How to eagerly achieve perfect code coverage

A developer eager to reach a code coverage close to 100% will pour all her skills and motivation into this task, and when all lines show up green, it’ll mean a great satisfaction of work well done.

This sounds great, and it mostly is great. The problem comes from the fact that the last few percent points are much harder to achieve. Getting the last 8% is hard work, and the last 2% are close to impossible. A lot of work can be lost when a senior developer takes three days to fulfill the feat to write a test against that one line where there is this side-effect in the error handler of a static method in a sealed third-party class… where with a little less dedication for getting the code coverage high score trophy, the tricky problem could be circumvented at all, or a different way of ensuring quality could have been found2.

In addition to wasted effort, the eager hunt for code coverage is likely to produce a slew of tests that mirror the exact structure of the code (“make sure it does what it does“).

Measure relative, not absolute

A too great focus on the absolute code coverage numbers is distracting from the key function of automated testing – to reliably build high quality software.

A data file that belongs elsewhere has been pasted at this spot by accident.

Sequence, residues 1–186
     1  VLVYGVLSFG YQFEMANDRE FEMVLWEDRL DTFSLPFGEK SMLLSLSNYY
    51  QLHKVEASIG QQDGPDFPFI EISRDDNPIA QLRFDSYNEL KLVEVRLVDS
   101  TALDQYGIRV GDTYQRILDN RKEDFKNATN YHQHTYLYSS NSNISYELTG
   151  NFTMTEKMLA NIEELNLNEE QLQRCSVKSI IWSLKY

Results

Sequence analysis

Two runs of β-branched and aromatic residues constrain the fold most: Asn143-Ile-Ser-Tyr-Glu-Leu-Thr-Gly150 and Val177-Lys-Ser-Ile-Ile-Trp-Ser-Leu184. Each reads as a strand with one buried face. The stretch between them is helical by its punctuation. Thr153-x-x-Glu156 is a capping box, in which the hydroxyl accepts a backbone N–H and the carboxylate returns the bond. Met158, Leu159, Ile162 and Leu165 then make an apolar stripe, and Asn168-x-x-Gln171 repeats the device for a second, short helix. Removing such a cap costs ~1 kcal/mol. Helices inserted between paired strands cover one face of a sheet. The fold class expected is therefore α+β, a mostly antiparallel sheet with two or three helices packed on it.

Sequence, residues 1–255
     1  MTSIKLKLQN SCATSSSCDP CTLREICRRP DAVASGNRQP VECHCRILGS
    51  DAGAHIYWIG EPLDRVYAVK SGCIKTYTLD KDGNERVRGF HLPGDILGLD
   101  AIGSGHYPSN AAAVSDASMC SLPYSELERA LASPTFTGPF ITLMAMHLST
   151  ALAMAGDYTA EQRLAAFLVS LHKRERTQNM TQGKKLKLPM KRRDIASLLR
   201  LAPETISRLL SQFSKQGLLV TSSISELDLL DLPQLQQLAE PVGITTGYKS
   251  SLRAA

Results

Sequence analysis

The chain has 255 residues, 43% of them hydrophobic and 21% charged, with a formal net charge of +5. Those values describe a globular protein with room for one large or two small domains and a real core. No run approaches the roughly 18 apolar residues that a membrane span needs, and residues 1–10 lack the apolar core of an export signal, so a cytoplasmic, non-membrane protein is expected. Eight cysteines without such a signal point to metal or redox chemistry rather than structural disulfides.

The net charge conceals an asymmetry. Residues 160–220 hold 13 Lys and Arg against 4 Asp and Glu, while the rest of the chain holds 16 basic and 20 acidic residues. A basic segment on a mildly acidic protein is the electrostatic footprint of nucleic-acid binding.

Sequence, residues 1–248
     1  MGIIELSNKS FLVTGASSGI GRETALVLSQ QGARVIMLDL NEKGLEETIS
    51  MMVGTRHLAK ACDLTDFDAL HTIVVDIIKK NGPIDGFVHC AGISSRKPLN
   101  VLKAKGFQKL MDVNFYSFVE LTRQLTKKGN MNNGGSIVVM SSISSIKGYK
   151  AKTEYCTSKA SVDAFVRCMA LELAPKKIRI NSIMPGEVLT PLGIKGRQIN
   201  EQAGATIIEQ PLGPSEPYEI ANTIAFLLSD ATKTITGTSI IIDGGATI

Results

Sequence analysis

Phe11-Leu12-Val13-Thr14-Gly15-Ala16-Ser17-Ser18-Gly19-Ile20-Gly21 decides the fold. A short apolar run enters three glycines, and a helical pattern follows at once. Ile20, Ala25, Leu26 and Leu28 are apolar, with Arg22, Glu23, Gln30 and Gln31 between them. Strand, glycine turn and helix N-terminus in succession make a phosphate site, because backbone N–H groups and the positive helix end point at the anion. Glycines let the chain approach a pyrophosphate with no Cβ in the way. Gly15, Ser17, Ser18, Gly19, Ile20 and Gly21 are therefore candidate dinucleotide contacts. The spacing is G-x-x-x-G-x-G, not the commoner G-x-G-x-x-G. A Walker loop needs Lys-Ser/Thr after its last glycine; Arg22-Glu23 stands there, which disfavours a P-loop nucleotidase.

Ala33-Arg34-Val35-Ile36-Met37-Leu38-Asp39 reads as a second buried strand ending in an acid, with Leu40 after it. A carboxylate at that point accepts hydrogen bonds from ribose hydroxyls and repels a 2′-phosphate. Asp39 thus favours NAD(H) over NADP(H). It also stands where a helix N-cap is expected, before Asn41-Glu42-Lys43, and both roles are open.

However, taking a look at relative numbers can give hints for some really interesting questions:

  • Why is so much more code in module X covered than in module Y? Does this point to an architecture inconsistency? Are the tests structured in a different way?
  • Did this Sprint’s work increase or decrease code coverage? If we see a strong decrease, we might want to look at the code structure, or maybe we’re not Done yet. If there’s an increase, is there something to learn from how it was achieved?
  • Do teams or individual developers consistently achieve a higher or lower code coverage? If so, in which way do they work differently? Is there something to learn to become better as a whole?

The difference is: looking at the metric is the begin of the analysis, not its end. The metric does not provide value as an absolute number, it hints to some problem or chance. It is smoke, not fire.


Bringing absolute code coverage metric values into the focus is likely to have a negative impact on a test suite’s quality. It exerts a force to game the metric, and to waste resources to race for high coverage to the detriment of thoughtfulness.

The metric is extremely helpful as an indicator for problems and possible improvements.

And: teams consequently using Test Driven Development will achieve a high code coverage without ever looking at it.

1 There are different ways to record code coverage (by function, by statement, by decision) that yield a different granularity of what’s considered as covered – but for the sake of this article, that’s all the same.
2 For example, a function not covered by a unit test could be included in an automated UI test. And sometimes, having a manual test plan isn’t so bad, especially when the requirements are still unstable and the pesky part may just go away.